The speed of sight : neural correlates of perceptual reports in RSVP
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Macaque monkeys were presented with continuous rapid serial visual presentation (RSVP) sequences of unrelated naturalistic images at rates of 14ms/image to 222ms/image, while neurones that responded selectively to complex patterns (e.g. faces) were recorded in the anterior superior temporal sulcus (STSa). Stimulus selectivity was preserved for 65% of these neurones even at surprisingly fast presentation rates (14ms/image=72images/s). Such rapid processing constrains theories of visual processing. Five human subjects were asked to detect or remember specific images in the RSVP sequences under equivalent conditions. Their performance in both tasks was above chance at all rates (14-11lms/image). The neurometric performance of single neurones was quantitatively comparable to the psychophysical performance of human observers and responded in a similar way to changes in presentation rate. Large sections (51 or 93ms) of the stimulus presentation duration in the RSVP sequences were then replaced with gaps of blank screen. This manipulation affected neither the neurometric performance of single neurones nor the recognition performance of human observers. This indicates that in STSa neural persistence after a stimulus has been turned off is quantitatively identical to the response that occurs if the stimulus stays on for up to 93ms longer: a neural correlate of human visual persistence. This maintained performance in judging the identity of a stimulus is surprising considering how different sequences with and without gaps appeared to the observers: introducing gaps as short as 23ms consistently created a perception of flicker. Together these findings indicate that the perception of stimulus identity is dissociated from other aspects of perception such as flicker, and that the responses of STSa cells are a neural correlate of visual identity perception but not of other aspects of visual perception such as flicker.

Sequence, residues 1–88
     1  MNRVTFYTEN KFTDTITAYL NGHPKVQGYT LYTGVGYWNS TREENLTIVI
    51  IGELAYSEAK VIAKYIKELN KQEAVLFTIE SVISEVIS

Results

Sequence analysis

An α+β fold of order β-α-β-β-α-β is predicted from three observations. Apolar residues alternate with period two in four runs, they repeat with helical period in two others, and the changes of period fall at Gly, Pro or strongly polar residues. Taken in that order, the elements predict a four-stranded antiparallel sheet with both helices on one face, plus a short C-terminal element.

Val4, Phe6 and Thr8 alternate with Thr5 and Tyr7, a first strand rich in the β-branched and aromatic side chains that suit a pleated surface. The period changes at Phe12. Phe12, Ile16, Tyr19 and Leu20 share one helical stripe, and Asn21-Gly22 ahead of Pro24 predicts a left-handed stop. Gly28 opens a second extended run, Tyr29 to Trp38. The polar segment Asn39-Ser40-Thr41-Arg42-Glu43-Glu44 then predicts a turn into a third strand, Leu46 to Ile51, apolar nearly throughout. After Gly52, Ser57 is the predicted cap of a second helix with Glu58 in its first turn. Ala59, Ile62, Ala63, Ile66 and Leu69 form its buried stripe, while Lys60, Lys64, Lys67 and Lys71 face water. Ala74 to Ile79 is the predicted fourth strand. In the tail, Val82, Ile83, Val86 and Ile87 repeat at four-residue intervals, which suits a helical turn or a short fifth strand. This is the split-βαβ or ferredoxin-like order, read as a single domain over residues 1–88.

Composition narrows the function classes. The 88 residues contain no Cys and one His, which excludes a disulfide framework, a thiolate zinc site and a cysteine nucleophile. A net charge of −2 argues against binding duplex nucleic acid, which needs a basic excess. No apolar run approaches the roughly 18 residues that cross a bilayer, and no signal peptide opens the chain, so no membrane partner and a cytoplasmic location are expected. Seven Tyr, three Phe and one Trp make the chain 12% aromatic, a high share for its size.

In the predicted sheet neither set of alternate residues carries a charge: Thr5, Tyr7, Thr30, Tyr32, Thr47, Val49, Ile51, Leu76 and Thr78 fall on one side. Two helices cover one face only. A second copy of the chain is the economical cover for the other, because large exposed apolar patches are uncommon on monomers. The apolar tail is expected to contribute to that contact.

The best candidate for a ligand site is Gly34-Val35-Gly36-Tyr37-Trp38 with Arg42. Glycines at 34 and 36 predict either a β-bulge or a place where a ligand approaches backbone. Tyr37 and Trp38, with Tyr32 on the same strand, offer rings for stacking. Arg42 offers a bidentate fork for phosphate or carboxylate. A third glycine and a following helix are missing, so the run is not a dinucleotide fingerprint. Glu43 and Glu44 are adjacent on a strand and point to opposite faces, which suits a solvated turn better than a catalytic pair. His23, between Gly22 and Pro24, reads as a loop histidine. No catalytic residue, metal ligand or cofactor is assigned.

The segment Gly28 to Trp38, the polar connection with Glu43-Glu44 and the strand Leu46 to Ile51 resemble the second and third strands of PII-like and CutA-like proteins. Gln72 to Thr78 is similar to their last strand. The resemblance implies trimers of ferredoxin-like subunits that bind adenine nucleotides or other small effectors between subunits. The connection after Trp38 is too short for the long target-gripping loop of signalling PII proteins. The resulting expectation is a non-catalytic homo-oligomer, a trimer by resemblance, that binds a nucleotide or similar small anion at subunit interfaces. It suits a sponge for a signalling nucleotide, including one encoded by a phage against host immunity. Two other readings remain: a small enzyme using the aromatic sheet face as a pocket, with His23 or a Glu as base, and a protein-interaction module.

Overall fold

Thesis, PhD Doctor of Philosopy
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